I’ve now had my Kindle for just over 12 months — it was last year’s Christmas gift from my wonderful wife — and I can quite honestly say that it’s completely changed the way I read.
I’ve always been a keen reader, but sometimes found it difficult to find time to read while also having a book available. I also tended only to buy books one at a time when I was in a physical bookshop. As a consequence, most of my reading happened at home, either in bed or in the bath, and I would get through books at around one a month.
Since getting my Kindle (well, since first getting the Kindle app for iPhone 14 months ago) I have read 45 books. I never used to read non-fiction books, but have just finished my third of the last few months. My decision on what to read next would generally wait until I’d finished my last book, but now I have 14 books waiting to be read and about another 20 on an Amazon wishlist waiting to be purchased.
What’s caused this change? As you might guess, it’s a combination of several things. Compared to a paper book, my Kindle weighs almost nothing, so I can slip it in a bag or a pocket. I can hold it in one hand while drinking tea, or lie on my back and read, both of which I found too tiring to do with paper books.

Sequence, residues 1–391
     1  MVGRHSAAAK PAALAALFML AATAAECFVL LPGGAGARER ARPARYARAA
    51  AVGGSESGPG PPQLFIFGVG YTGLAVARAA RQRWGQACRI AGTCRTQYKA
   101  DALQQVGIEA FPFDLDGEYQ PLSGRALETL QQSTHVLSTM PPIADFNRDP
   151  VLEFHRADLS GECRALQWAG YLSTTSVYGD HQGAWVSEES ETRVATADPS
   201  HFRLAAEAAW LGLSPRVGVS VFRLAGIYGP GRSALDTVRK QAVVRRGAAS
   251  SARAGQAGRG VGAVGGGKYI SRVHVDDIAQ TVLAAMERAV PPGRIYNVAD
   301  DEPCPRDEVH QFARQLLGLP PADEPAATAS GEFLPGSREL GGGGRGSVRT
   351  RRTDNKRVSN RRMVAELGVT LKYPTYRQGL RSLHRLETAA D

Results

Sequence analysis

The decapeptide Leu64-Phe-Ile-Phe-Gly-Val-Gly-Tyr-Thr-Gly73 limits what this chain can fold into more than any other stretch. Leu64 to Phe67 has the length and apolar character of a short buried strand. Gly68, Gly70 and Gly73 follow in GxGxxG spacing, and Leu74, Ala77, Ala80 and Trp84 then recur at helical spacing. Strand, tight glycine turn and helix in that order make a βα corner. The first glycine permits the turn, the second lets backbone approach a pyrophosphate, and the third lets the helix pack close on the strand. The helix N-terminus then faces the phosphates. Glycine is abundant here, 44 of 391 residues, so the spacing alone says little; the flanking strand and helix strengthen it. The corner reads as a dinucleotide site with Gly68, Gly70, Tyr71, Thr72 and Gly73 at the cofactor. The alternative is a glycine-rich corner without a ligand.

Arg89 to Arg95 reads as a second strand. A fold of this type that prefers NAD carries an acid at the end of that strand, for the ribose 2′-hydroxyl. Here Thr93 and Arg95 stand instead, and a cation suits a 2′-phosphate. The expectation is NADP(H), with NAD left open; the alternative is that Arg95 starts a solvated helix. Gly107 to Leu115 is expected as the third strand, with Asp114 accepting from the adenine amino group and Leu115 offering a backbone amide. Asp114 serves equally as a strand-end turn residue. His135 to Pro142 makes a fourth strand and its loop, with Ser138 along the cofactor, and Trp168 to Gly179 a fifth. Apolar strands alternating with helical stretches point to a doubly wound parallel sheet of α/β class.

I also have iPhone and desktop Kindle apps, which are always in sync. I always have my current book with me, so I have many more opportunities to read.
When I finish a book, I can immediately start the next, whether I have one already lined up or I need to go online and buy one. I’ve basically turned into a chain-reader, going from book to book without pause.
Irritatingly, the prices do not reflect the near-zero marginal cost of distributing digital content — if you shift content in the volume that Amazon can, your income is almost pure profit.
However, digital books are still cheaper than the print editions. The difference for popular fiction is pretty small, but I appreciate it nonetheless. For specialist non-fiction, on the other hand, where low volumes make print copies prohibitively expensive, digital editions come at a significant discount — often half price or better in my experience.
I actually wrote the entire first draft of this post without mentioning either screen quality or battery life. Both are so good that it didn’t even occur to me to mention them.
There are downsides too. Because I’m locked into Amazon’s infrastructure, I can’t lend books to friends or family (this feature still hasn’t been enabled outside the US). I also can’t donate books to charity shops once I’ve finished them.
Both of these facts still make me uneasy, and I’m not sure that I want all my books to be controlled by a single company for the rest of my life. And I haven’t even started on the problem of how many books I need to read on Kindle to break even on the carbon footprint, or even whether that’s possible.
That said, my pragmatic side is winning at the moment. Reading on Kindle just works, and it seems to suit my lifestyle much better than books made of dead tree.
I know a lot of people have been given Kindles this Christmas, so I’d love to know if any of my readers have thoughts on this.